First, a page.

Greg Blackman reports on the buzz surrounding embedded vision at the Vision Stuttgart trade fair, which took place from 6 to 8 November
Framos has launched a complete product line for embedded imaging at the Vision trade fair, which was held in Stuttgart, Germany from 6 to 8 November
Smartek Vision has become part of the Framos Group. As Framos Embedded Engineering, the Croatian team will focus on embedded vision development, custom solutions, IP and sensor modules
Framos (1C42) will be highlighting products designed for a modular approach to embedded vision, as well as showing Intel’s RealSense 3D vision product suite. The company will display various technology and sensor modules, including Framos’ SLVS-EC IP core for Xilinx FPGAs. The booth will also include the latest Sony and On Semiconductor sensor solutions, showcasing the new Sony IMX250 polarised sensor to support precise spectral measurements, and On Semiconductor’s latest XGS series.
This free webinar will provide everything you need to know to get started with Sony’s new SLVS-EC interface standard for third generation Pregius imagers.
Available from Framos, the Sony IMX426 Pregius 3rd generation global shutter CMOS image sensor provides 9µm pixel size and reaches VGA resolution with 1,449 fps at10-bit for maximised throughput in factory automation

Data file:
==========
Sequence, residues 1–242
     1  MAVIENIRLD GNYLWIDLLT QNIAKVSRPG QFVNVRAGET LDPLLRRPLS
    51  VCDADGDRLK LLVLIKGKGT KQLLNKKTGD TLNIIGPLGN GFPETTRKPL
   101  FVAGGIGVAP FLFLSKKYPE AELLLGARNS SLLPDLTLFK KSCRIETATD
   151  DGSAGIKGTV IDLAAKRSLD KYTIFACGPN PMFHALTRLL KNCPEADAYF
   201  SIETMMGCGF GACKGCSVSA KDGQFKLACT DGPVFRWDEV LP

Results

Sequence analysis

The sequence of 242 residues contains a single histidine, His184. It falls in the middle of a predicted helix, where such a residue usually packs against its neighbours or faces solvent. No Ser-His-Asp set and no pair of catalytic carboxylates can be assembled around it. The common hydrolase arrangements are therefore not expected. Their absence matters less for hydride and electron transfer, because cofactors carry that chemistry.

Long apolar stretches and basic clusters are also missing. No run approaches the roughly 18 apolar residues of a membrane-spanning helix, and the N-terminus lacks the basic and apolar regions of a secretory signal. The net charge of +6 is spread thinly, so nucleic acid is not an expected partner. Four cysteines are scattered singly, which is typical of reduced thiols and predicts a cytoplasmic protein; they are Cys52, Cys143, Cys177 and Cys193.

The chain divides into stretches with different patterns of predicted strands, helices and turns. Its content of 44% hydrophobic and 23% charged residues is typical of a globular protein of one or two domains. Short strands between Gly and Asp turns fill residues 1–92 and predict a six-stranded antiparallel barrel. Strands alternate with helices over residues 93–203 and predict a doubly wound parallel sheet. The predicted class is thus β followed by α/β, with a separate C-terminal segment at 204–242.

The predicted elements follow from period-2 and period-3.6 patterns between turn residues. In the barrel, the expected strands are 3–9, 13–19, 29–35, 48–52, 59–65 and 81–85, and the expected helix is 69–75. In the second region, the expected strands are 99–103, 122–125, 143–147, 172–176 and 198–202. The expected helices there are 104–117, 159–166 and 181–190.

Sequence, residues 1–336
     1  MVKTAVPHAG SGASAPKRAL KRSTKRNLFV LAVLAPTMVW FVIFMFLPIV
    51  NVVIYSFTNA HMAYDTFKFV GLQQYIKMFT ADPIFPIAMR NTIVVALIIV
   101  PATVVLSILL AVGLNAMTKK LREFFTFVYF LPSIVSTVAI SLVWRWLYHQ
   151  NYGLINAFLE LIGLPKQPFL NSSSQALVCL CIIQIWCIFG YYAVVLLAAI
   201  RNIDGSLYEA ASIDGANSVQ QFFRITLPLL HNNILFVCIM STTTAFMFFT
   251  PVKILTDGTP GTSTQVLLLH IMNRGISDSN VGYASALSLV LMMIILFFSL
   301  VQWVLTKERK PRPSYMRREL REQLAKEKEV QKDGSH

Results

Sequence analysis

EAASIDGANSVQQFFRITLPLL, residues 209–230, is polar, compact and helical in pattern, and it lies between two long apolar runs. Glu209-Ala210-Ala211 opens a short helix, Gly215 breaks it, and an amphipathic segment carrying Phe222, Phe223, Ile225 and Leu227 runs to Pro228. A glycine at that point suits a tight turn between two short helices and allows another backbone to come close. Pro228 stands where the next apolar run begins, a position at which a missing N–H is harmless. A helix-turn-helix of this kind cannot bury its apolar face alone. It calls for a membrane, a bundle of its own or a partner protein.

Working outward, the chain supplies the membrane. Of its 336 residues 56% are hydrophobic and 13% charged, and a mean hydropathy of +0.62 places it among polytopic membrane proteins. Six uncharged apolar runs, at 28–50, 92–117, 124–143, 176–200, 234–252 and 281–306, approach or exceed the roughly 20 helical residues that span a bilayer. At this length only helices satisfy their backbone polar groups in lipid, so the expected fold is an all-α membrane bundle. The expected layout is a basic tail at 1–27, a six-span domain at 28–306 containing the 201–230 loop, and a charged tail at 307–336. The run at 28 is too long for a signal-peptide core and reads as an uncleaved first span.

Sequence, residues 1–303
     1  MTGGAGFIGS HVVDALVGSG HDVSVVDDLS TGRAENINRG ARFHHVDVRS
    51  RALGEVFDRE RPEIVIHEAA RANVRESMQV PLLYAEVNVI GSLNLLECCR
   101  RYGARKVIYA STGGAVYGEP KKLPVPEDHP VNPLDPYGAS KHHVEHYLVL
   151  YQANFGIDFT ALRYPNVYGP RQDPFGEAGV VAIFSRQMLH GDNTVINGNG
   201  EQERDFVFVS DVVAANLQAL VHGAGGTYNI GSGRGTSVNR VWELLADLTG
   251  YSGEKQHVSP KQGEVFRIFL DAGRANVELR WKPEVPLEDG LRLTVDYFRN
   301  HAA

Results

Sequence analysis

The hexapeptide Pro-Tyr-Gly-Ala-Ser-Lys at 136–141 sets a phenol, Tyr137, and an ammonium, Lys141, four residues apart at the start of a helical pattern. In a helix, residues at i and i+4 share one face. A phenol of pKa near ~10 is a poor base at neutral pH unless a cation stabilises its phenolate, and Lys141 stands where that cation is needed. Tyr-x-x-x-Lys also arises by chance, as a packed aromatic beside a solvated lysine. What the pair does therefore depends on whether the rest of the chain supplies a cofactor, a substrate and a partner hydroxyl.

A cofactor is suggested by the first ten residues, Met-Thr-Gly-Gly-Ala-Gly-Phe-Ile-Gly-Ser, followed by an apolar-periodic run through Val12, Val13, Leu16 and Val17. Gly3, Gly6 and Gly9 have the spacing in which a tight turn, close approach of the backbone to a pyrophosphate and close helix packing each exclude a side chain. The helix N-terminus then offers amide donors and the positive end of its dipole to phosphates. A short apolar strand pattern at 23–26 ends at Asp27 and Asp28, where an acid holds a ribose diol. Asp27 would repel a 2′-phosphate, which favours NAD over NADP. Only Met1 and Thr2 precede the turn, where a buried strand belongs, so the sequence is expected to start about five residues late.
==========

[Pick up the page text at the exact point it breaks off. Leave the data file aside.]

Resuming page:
Embedded vision will be one of the big talking points at the upcoming Vision show in Stuttgart, with many exhibitors displaying embedded products or those for embedded systems
The Framos engineering team shares Python sample script on GitHub that works directly with multiple Intel RealSense cameras to create bounding boxes for any kind of item
Tamron, a long-standing lens manufacturer, has launched its first global shutter block camera
Sunex Optics has released its first sensor module, the MOD255I, based on its 4K miniature DSL255 Super Fish Eye lens for easy digital video device development with embedded vision
Greg Blackman speaks to Torsten Wiesinger at Lucid Vision Labs, one of the newest industrial camera manufacturers on the block
A combination of vision, sensor and deep learning technologies are creating extraordinary developments in retail, writes Matthew Dale
Machine vision technology is improving quality control in automotive manufacturing, writes Andrew Williams
Keely Portway investigates the latest advances in 3D vision equipment, and how they could open up new industrial imaging applications